After arriving back in Germany, Charlotte underwent an overhaul, which was completed on 31 May. Her training activities were interrupted by an outbreak of measles among the cadets and Schiffsjungen, which lasted until early July when she began a cruise in the Baltic. In August, she joined the temporarily-formed V Division for the annual fleet exercises. Charlotte embarked on another major training cruise on 8 September in company with the corvette Stosch. They visited several islands in the Atlantic before proceeding to Tangier, Morocco in January 1899, since civil disturbances in the country threatened German interests. There, they forced the Moroccan government to pay an indemnity it had agreed to pay and then delayed repeatedly. At the time, Franco-British relations had soured, leading to a rapprochement between France and Germany, the first time relations between the two countries had thawed since the Franco-Prussian War of 1870–1871. In a show of good will, Charlotte and Stosch were sent to visit French ports in North Africa, including Oran, Algiers, and Tunis, where they received a friendly welcome. The ships then visited Spanish cities before returning to Germany; Charlotte arrived in Kiel on 23 March.
Charlotte then went into the shipyard for a modernization that included a revision of her armament. She then went on a short cruise in the Baltic before beginning the next overseas training cruise in July. This trip went to the southern Atlantic Ocean, as far south as Rio de Janeiro, and she arrived back in Kiel on 23 March 1900. The ship made two short cruises in the Baltic and to Norway in May and September, respectively, before beginning the year's major cruise to the Mediterranean on 18 September. This trip included stops in Moroccan ports and Alexandria, Egypt. While in Corfu on 17 December, Charlotte was ordered to steam to Málaga, where the corvette Gneisenau had been wrecked in a gale. Charlotte arrived on 22 December, along with the British ironclad HMS Devastation, which helped to remove the remains of crewmen who had been killed in the accident and salvage valuable equipment. This work lasted until 12 January 1901, after which Charlotte left to transport the German ambassador to Morocco from Mogador to Tangier. She then visited ports in Italy before returning to Kiel on 9 March.
The ship had another overhaul in March and returned to service on 18 April and embarked cadets from the 1901 crew year, which included Price Adalbert, the Kaiser's son. Charlotte participated in a survey of the Adlergrund in the aftermath of the grounding of the pre-dreadnought battleship Kaiser Friedrich III, which had been badly damaged in the accident. Charlotte then went on a cruise to Kronstadt, followed by another cruise to the Mediterranean on 14 August. During the voyage, she stopped in Piraeus, Constantinople, and Trieste, before arriving back in Kiel on 16 March 1902. After another overhaul, she went on a training cruise in the Baltic from 12 May to 12 July before starting another major cruise to South American waters. She visited Brazil and Uruguay before being recalled to Venezuela late in the year during the Venezuelan crisis of 1902–1903; she did not take an active role in the conflict and she was used to support the more modern German warships in the East American Cruiser Division. She was detached from the unit on 19 January 1903 and sent home, arriving in Kiel on 23 March.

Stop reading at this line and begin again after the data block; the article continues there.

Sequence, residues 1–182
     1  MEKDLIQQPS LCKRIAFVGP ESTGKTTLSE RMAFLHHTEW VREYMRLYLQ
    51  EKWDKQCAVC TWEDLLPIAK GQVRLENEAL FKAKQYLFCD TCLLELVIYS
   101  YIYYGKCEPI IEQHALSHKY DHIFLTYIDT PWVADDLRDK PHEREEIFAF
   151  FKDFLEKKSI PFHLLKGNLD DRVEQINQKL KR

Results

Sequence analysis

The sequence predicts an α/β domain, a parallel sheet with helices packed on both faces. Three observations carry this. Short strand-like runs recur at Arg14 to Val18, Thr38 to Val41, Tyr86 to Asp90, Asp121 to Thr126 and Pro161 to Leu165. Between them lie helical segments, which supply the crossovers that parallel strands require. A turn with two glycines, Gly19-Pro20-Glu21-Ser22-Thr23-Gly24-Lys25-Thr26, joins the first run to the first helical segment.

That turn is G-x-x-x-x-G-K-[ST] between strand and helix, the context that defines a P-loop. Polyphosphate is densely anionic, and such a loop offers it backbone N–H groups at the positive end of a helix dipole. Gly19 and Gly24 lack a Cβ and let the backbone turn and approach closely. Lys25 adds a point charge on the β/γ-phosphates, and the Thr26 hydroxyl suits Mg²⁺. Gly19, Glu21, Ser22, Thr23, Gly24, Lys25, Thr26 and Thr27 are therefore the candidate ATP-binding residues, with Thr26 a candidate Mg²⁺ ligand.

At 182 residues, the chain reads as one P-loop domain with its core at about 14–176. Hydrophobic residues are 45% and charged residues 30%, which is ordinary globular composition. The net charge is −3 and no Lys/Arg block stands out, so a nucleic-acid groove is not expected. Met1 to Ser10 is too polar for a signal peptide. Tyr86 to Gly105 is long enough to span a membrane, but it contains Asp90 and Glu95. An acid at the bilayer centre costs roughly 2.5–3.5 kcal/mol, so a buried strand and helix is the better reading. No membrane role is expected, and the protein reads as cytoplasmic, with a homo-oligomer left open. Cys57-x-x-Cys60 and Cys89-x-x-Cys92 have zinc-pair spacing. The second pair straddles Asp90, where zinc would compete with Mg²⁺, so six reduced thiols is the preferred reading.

In addition to periodic maintenance, additional modernization work was carried out beginning in early 1903, including the installation of new boilers, the removal of the rest of the 15 cm guns, and the reduction of her sailing rig. Charlotte returned to service on 1 April 1905, and she began an overseas cruise on 18 July, first visiting Scotland and then cruising in the Atlantic and stopping in Mogador, before entering the Mediterranean. The cruise ended on 30 March 1906 in Kiel, and the cruise of 1906 followed a similar to the 1905 voyage. During this trip, she took part in a memorial service in Málaga in remembrance of those killed in the sinking of Gneisenau. Charlotte arrived back in Kiel on 23 March 1907; the rest of the year was filled with a long cruise in the Baltic and another major voyage to the West Indies that lasted until 16 March 1908. The 1908–1909 cruise also went to the West Indies, during which her crew helped suppress a fire in Santiago de Cuba. Charlotte, the last sailing ship of the Kaiserliche Marine was decommissioned on 31 March 1909 in Kiel.
Charlotte was stricken from the naval register on 26 May 1909 and converted into a barracks ship and tender for the old ironclad König Wilhelm, which was used as a training ship for cadets, beginning in 1910. Following the outbreak of World War I and the general mobilization of forces in 1914, Charlotte was reinstated into the Navy List under the command of Andreas Fischer on 20 October, to replace König Wilhelm, which had been redeployed as a depot ship in the Elbe; this was the first and only time a warship of the Kaiserliche Marine that had been stricken from the register was replaced on it. This proved to be short-lived, and the naval command ordered that Charlotte be stricken once again on 4 November, when König Wilhelm returned. In 1917, Charlotte was replaced as König Wilhelm's tender by the light cruiser Medusa. Charlotte was sold to a private company in Hamburg in 1921 and was subsequently used as a storage hulk. Her ultimate fate is unknown.
- ^ Sondhaus, pp. 116–117, 136–137, 166.
- ^ a b Lyon, pp. 251–252.
- ^ a b c Gröner, p. 44.
- ^ Sondhaus, p. 166.
- ^ a b c Hildebrand, Röhr, & Steinmetz, p. 175.
- ^ a b c Lyon, p. 252.
- ^ a b c d Gröner, p. 45.
- ^ a b c d Hildebrand, Röhr, & Steinmetz, p. 177.
- ^ Hildebrand, Röhr, & Steinmetz, pp. 175–176.
- ^ Sondhaus, pp. 220–221.
- ^ Hildebrand, Röhr, & Steinmetz, p. 176.
- ^ Hildebrand, Röhr, & Steinmetz, pp. 176–177.
- ^ Gröner, pp. 45, 102.
- ^ Hildebrand, Röhr, & Steinmetz, p. 178.